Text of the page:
This case generated an excellent, entertaining, and somewhat disturbing (!) discussion. As many of you correctly noted, this is an adult Toxocara species. It has a similar appearance to Ascaris lumbricoides, but can be differentiated by the presence of the pronounced short, wide cervical alae:

The shape of the alae allow it to be differentiated from other Toxocara species. Note that the alae narrow towards that anterior end, giving the appearance of an arrow (image by my excellent parasitology technologist, Emily Fernholz).

Humans are not a definitive host, but can acquire infection with the larval form of the worm when accidentally ingesting eggs in contaminated soil or infected paratenic hosts. The larvae cannot mature in humans, but can migrate throughout the body causing a potentially serious condition called visceral larva migrans.

So how did this adult worm end up in a human host? Well, we can't really say for sure that it actually was IN this patient since it was noted outside of the body during bathing. Therefore it could have been expelled by family cat and simply ended up in the bathtub.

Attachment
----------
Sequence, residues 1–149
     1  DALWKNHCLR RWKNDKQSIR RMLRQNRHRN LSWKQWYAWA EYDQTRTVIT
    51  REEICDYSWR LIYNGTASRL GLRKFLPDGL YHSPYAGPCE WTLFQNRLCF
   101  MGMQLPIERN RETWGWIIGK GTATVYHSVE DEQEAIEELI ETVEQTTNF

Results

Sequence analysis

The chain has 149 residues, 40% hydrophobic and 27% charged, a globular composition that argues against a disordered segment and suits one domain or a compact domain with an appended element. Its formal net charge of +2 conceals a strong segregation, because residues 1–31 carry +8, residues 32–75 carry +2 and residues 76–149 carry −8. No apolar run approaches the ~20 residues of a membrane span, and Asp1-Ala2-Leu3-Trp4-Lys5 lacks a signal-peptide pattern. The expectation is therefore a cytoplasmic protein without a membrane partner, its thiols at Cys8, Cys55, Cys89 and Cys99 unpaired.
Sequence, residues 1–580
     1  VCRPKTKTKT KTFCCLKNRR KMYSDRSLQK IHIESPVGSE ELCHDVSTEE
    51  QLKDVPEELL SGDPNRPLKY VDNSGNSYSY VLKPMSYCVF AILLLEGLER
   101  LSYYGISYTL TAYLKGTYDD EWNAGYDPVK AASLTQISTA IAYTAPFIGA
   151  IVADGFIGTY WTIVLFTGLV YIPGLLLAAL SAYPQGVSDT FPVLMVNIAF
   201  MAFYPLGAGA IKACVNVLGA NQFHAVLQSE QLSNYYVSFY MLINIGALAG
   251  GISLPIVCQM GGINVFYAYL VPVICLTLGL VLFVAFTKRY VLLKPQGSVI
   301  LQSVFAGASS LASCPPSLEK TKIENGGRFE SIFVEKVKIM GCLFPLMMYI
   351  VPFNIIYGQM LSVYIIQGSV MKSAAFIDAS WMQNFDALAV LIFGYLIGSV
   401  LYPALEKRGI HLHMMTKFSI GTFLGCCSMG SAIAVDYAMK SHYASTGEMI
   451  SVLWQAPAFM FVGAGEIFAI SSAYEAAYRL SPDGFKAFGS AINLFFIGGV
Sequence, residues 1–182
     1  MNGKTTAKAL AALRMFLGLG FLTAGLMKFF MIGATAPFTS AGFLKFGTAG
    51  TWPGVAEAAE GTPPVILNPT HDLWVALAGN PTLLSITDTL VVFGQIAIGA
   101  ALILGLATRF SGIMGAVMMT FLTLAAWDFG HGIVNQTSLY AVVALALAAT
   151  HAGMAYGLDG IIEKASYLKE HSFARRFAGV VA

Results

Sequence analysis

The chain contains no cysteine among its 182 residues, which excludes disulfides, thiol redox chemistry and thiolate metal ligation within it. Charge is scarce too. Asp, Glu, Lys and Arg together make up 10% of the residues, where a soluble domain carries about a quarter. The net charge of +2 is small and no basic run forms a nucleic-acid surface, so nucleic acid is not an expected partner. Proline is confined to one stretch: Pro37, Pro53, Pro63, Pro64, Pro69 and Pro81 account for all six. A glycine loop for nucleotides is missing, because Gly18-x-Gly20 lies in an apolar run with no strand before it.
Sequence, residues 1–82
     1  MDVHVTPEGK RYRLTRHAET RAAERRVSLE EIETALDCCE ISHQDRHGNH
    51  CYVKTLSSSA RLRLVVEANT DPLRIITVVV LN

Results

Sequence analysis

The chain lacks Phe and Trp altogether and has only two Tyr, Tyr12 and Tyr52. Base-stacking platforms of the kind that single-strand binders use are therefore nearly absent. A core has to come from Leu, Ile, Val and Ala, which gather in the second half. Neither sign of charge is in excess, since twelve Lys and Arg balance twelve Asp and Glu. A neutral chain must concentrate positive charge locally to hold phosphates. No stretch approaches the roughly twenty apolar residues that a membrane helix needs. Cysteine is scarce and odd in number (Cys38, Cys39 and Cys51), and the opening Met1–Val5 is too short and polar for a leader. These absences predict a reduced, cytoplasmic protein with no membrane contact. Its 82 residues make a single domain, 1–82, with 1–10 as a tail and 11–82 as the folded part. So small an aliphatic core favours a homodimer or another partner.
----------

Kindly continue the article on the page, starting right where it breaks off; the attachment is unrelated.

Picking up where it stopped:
Alternatively, it could be that the child had ingested an adult or immature worm from the environment (the term kitty spaghetti will stick with me forever! See the comments for more information) and it had passed through her intestinal tract and was expelled intact. Authors from the US CDC published a interesting series of cases like this in 1998. You can read the article HERE.

Regardless of the scenario, it is clear that there is an infected household cat that needs to be treated. As I mentioned above, eggs that are shed from infected cats can mature in the environment and pose an infectious risk to humans (i.e. visceral larva migrans).

Thank you all for excellent comments!

Monday, January 1, 2018

Case of the Week 475

Happy New Year! This week's case is by Idzi Potters and the Institute of Tropical Medicine Antwerp. The following were seen in an unfixed stool specimen at 400X original magnification. (Hint: maximize the size of the video for best viewing). Identification?

Sunday, December 31, 2017

Answer to Case 475

Answer: Chilomastix mesnili trophozoites.

Congratulations to Martin, Ali, Florida Fan, Mark, Atiya, Sara, and Alexandra who got this correct!